At least some embodiments of the present invention have conduits with sloped side walls. In some instances these may be preferred because, e.g., for a given thickness of dielectric layer and a given conduit diameter nearest a conductive feature, a conduit having sloped side walls can contain more material than a conduit having 90° side walls. For example, the opening of a conduit adjacent a conductive feature typically will be limited by the size of that conductive feature; however, by employing sloped conduit side walls, the opening at the opposing end of the conduit may be enlarged to an optimum size such that the conduit can contain a larger amount of conductive material (to transfer more heat away from the LESD) and the conductive material at this opening will have a large surface area that can interface more effectively with a heat transferring or absorbing material which may be attached to the dielectric layer and conductive material in the conduits.
Another advantage of sloped side walls is that, when a conduit is filled with conductive material, it bonds to the portion of any conductive feature covering an opening of the conduit. If the conduit walls are sloped, a wedge-shaped portion of dielectric layer around the circumference of the conduit is trapped between the conductive material in the conduit and the conductive feature on the first major surface of the dielectric layer. This trapped wedge helps prevent the conductive material in the conduit from dislodging when the dielectric material is bent and flexed.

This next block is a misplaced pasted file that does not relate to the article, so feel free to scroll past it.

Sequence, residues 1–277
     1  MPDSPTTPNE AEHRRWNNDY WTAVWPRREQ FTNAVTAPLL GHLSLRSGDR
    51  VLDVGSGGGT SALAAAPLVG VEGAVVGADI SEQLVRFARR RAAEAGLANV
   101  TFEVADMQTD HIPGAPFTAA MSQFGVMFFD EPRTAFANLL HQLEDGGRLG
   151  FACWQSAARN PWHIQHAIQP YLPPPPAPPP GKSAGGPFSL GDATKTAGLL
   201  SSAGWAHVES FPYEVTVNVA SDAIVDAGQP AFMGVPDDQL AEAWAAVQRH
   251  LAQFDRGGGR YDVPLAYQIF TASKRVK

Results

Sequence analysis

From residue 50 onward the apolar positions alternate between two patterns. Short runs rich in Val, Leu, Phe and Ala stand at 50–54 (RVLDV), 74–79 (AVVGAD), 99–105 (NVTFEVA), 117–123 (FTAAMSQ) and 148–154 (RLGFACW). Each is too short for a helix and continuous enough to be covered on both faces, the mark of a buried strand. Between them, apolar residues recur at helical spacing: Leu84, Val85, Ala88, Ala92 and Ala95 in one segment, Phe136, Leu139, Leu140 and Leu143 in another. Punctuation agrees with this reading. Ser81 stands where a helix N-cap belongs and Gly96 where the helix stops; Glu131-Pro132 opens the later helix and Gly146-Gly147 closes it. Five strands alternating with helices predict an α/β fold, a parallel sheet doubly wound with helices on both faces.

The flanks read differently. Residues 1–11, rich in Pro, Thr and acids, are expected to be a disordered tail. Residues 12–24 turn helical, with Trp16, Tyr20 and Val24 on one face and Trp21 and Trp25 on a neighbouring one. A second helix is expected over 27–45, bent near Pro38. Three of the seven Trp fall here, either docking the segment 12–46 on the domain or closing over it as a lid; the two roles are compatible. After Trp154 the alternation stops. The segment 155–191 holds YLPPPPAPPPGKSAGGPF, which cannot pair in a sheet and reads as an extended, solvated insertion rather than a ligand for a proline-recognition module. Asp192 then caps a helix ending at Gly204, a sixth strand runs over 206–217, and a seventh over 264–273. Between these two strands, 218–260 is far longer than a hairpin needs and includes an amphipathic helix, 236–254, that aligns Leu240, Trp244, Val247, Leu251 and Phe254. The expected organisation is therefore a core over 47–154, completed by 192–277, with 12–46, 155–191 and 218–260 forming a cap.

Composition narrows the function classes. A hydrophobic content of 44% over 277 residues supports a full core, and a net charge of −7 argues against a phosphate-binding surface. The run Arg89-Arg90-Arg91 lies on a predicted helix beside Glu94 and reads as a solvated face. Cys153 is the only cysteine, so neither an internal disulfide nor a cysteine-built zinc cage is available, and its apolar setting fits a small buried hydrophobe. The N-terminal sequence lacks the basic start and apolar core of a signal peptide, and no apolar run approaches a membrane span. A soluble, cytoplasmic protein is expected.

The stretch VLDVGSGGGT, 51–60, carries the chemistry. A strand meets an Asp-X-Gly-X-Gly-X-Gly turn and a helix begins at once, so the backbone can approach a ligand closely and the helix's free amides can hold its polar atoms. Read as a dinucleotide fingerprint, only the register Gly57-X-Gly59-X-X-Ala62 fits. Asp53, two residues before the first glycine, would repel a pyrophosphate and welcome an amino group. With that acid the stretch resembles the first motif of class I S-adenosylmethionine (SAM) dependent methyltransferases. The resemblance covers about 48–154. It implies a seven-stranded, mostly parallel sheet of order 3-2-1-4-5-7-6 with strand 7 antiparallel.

In some embodiments, the conduit may be filled to a level greater than 100% (
In at least some embodiments of the present invention, the arrays can be grouped together. For example,
In at least one embodiment of the present invention, a conductive layer, similar to conductive layer 20, is located on the bottom surface of the dielectric substrate. This conductive layer may be a portion of an electrical circuit formed using conventional flexible circuit manufacturing processes. The circuit may be pre-patterned, or may be patterned during the process of making the flexible LES devices. Alternatively, the conductive layer may function primarily as a heat transfer or heat dissipation element. The conductive layer may comprise any suitable material, but is typically copper.
A conductive layer on the second major surface of the dielectric substrate may be any suitable thickness. Making this conductive layer thick, e.g., about 35 micrometers (um), preferably about 50 um, about 75 um, about 100 um or more may enhance heat removal from the LESDs.